|June 5, 1999||
Indian sport seems to be inspired by anomalies. In a team sport like cricket, where results are based on synergy, a single man decides which way the game will go with his brilliance with the willow, whilst in a sport like tennis, which is dependent on individual excellence, two Indians seem to have their best moments only when they partner each other on court.
Leander Paes and Mahesh Bhupati have both rejected the lineage of subtlety and art that their forefathers have left behind. Those deft touches, sublime slices and arched lobs, which the Krishnans and Amritrajs would use to agonize their beleaguered western counterparts, seem to be part of a forgotten tennis heritage that these two celebrate with the type of power play that is more en vogue with the brand of tennis that modern day brat packs use on the world circuit.
Leander is a bundle of unconfined, unbridled energy, uninhibited strokeplay. His play is marked by a restlessness, but beneath the superficial mayhem that clouds the surface, lies a mind that is constantly trying to out-think, surprise the opponent, rather than outslug him. But a fallacy would emerge when he used to lose that element of surprise. Remember the U S Open second round match against Agassi? Paes raced to a one set and five match-points lead, and then lost all but two games as Agassi started predicting the unpredictability that Paes had generated during his moments of domination on court.
Thankfully, Leander seems to be overcoming his Achilles heel. Nowadays, he bases his game on a solid approach, good percentage tennis that will help him tire out more talented opponents, after which he can close out the match with his ebullient ground strokes. The results are showing … his first ATP title at the Hall of Fame tournament, and then successive wins over world no.1 Sampras; deposed clay court monarch, Sergei Bruguera; and Marc Rosset - probably the best two weeks of his sporting life.
Leander attributes his speed to his mother, who was a basketball player at the national level, and his diligence towards the sport to his father, an India Olympic hockey player, and the fact that they were never a rich family. But things are different these days. Leander is man of significant material wealth to take initiative in matters that were previously out of his hands. He chose to become an NRI and shift base to Orlando, Florida, for the simple reason that India lacked sufficient tennis facilities.
Mahesh is diametrically opposite. Soft-spoken to an extreme. The hesitant smile and the shy, incomplete gestures suggest that the sobriquet (Boom Boom Bhupati) he acquired during his successful Grand Slam doubles quest at Roland Garros is a total misnomer. Teaming up with Rika Hiraki of Japan, the 23-year-old brought home India's first Grand Slam crown. At his 'boom boom' best, he reportedly raked in 2,01,522 dollars this season, apart from getting more from All India Tennis Association and the Delhi Tennis Association. Nowadays, Bhupathi seems to have acquired a name for himself on the singles fast track in the metropolitan cities of the country.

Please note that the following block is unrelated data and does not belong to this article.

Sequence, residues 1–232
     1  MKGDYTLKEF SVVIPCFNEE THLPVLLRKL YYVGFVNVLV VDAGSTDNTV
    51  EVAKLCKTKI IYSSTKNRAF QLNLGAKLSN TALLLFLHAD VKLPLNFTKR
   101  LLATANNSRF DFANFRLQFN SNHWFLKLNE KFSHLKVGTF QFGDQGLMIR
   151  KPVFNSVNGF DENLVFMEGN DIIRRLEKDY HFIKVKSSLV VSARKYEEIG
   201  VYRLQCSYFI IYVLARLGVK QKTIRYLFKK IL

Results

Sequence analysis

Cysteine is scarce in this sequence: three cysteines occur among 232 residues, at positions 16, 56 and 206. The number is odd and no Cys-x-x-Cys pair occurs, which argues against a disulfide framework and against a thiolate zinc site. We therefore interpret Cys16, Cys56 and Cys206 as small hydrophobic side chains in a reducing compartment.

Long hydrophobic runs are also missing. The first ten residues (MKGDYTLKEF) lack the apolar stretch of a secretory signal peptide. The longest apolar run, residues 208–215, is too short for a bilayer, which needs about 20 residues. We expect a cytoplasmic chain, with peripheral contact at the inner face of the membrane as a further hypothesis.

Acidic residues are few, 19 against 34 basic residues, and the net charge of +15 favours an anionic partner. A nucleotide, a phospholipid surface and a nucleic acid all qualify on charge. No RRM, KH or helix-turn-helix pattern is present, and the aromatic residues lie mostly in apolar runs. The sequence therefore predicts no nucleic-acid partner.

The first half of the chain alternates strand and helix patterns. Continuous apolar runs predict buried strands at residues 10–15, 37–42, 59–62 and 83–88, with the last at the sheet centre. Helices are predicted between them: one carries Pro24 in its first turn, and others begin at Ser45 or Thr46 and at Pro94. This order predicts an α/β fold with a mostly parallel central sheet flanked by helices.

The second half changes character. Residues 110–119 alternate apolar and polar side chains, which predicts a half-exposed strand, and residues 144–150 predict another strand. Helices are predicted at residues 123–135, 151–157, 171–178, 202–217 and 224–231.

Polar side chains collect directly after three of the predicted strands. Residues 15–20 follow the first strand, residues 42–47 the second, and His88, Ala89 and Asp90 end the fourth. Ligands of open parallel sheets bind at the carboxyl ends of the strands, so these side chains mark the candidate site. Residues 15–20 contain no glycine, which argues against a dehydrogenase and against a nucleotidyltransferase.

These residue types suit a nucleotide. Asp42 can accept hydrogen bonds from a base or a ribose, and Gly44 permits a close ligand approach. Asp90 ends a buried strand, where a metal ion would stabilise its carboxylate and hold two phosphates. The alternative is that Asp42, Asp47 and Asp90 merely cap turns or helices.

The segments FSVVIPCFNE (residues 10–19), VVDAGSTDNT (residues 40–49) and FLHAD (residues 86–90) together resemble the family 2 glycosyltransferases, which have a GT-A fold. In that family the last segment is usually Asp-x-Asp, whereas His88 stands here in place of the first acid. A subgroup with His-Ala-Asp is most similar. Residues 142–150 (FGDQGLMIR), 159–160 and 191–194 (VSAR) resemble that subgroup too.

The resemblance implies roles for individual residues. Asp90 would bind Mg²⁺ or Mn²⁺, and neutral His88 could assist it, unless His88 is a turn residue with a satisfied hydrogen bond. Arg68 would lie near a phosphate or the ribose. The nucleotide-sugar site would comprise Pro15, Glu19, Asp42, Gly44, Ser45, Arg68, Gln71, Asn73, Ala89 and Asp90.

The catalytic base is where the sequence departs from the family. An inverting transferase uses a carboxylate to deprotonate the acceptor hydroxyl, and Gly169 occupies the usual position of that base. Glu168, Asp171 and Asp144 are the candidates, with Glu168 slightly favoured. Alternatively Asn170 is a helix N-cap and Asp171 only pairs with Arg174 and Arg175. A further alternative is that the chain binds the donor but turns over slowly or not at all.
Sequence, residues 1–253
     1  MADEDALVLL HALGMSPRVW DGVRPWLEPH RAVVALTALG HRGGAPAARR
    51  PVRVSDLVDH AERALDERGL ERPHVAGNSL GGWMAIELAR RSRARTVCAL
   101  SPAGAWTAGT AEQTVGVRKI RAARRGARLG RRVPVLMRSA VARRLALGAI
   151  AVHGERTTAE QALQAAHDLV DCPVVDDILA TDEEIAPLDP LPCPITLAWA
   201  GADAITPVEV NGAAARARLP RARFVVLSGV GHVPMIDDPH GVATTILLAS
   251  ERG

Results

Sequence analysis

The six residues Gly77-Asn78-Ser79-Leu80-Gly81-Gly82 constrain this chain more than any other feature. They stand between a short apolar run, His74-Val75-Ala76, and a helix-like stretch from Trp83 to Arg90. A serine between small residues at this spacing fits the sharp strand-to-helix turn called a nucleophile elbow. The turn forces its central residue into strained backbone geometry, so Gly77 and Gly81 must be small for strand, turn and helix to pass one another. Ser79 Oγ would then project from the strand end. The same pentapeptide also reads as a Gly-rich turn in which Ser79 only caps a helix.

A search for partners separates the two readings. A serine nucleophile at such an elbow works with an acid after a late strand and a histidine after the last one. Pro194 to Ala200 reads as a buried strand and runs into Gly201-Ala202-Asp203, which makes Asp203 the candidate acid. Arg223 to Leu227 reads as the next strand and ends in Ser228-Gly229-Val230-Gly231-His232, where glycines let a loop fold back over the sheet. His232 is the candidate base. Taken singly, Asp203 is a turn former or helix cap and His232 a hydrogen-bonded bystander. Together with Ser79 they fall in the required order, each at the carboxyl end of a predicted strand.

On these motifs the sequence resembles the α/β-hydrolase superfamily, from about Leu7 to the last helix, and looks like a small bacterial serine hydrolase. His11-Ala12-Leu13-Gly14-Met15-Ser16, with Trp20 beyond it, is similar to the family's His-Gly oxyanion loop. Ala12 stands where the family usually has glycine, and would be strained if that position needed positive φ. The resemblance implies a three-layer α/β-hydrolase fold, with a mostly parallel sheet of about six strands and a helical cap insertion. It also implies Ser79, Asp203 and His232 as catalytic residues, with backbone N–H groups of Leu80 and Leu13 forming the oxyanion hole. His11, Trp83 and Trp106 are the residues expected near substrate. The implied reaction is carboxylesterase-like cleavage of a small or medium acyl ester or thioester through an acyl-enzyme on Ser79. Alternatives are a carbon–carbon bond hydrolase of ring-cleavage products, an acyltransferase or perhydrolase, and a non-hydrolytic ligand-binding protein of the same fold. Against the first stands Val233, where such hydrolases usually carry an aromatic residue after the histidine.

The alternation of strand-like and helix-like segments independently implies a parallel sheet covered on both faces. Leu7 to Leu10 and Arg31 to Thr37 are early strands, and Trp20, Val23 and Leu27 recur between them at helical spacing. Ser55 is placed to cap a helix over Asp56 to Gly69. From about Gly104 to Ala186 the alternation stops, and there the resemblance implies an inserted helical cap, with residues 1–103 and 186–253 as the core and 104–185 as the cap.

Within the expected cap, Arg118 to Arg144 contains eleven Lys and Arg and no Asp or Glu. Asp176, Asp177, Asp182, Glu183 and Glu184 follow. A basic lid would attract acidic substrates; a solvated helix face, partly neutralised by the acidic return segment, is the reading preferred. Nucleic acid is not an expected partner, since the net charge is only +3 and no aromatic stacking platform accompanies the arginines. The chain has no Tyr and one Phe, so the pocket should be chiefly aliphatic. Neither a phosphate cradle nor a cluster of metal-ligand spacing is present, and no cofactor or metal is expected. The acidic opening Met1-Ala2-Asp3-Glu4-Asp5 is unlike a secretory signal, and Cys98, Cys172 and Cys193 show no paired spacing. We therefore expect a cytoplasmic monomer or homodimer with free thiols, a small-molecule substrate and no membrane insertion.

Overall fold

There is a story behind the single earring the pair sport. Leander and Bhupathi decided that if they qualified for the Olympics, they would either shave their heads or pierce an ear. Thankfully, they settled for the latter.
The NRI kid started wielding the racquet at the age of three and found his true calling almost immediately . He went on to become a champion in the University of Mississippi, and that was the final heave ho he needed to turn completely professional. When asked about his other interests in college, wearing a faintly perplexed look on his face, the gentle giant apparently replied, "Uh, you mean besides Physical Education?"
Paes and Bhupathi's best year in terms of consistency seems to be 1998. Just glance over their results:
As a team, their performance graph seems to have dipped towards the last two months of last year. One cause they attributed that to is simple tiredness and fatigue from having jetted around the world for 365 days of the year. Paes reckoned, as he thought positively after a tournament, that the more they played with each other, the more they understood each other's game, the more they could synchronize their efforts.
With the corpse of the defeat at the World Doubles Championship towards the end of 1998 still warm, Paes and Bhupathi started their still unsuccessful quest for their first Grand Slam crown beside the Yarra river at Melbourne. After struggling with their form for the first three rounds, everything seemed to be falling into place for the pair to fulfill their first new year's resolution - winning a Grand Slam crown. But they crashed in the finals.
The number one doubles spot meanwhile came and landed straight into their lap after this setback. This probably gave them just a little bit more to prove, and with a top seed billing in practically all the tournaments, they notched up the following results in 1999:
While both seemed to have been blessed with a fair amount of articulateness, they seem to talk best with their racquets. The grapevine was in a tizzy with rumours of an impending rift between them just prior to the tournament at Madras, but the top seeds and defending champions pushed all news of their rift off the sports pages by winning the Gold Flake trophy. Throughout the tournament, with measured soundbites, they explained how being together for ages on end could easily lead to the odd misunderstanding, even between the best of friends. Friends, who are, when reports last came in, just one step away from realizing their second resolution for the year, and finally putting a credible stamp of the authority of Indian tennis on the international tennis circuit.
Mail Sports Editor
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